David Willetts is a British Conservative politician who currently holds the post of Minister of State for Universities and Science. He attends the Coalition Cabinet and would probably have been given a higher-ranking post if the Tories had achieved an overall majority at the 2010 election. Wikipedia states:
Due to his careful intellectual approach, ties to academia, his unusually policy-heavy background and his high hairline, he has acquired the nickname "Two Brains”claims credit. In February 2010, Willetts’ book, The Pinch, was published, and, after a last-minute delay, appeared in May as a paperback and supplemented with an Afterword. Given the subtitle, How the baby boomers took their children’s future – and why they should give it back, I was expecting to find it uncomfortable reading (yes, I am one by Willetts’ reckoning, see below). But to my surprise, given the credentials of its author, I also found it to be flawed and I will try to explain why (page references are to the paperback edition).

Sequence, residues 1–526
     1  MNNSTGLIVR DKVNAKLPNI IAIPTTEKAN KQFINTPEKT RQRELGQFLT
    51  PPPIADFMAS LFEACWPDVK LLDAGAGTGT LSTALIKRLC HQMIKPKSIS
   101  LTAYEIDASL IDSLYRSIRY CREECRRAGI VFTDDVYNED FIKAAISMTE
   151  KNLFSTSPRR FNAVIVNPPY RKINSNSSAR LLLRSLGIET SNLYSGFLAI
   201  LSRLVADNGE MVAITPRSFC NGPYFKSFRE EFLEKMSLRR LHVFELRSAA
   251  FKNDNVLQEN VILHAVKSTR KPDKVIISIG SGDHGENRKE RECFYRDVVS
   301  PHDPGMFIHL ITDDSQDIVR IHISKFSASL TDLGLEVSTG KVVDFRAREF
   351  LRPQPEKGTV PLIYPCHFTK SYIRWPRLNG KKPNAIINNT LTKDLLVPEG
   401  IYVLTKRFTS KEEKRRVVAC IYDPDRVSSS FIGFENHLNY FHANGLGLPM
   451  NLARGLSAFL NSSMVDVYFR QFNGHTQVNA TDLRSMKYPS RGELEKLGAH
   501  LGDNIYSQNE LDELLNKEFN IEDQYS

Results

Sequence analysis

Willett’s thesis is given in the Introduction:
The boomers, roughly those born between 1945 and 1965, have done and continue to do some great things but now the bills are coming in; and it is the younger generation who will pay them. We have a good idea of what at least some of these future costs are - the cost of climate change, the cost of investing in the infrastructure our economy will need if we are to prosper, the cost of paying pensions when the big boomer cohort retires, on top of the cost of servicing the debt the government has built up. The charge is that the boomers have been guilty of a monumental failure to protect the interests of future generations. (page xv)and the book then consists of a tour of modern Britain, guided by the author’s well-furnished mind, seeking to justify his proposition.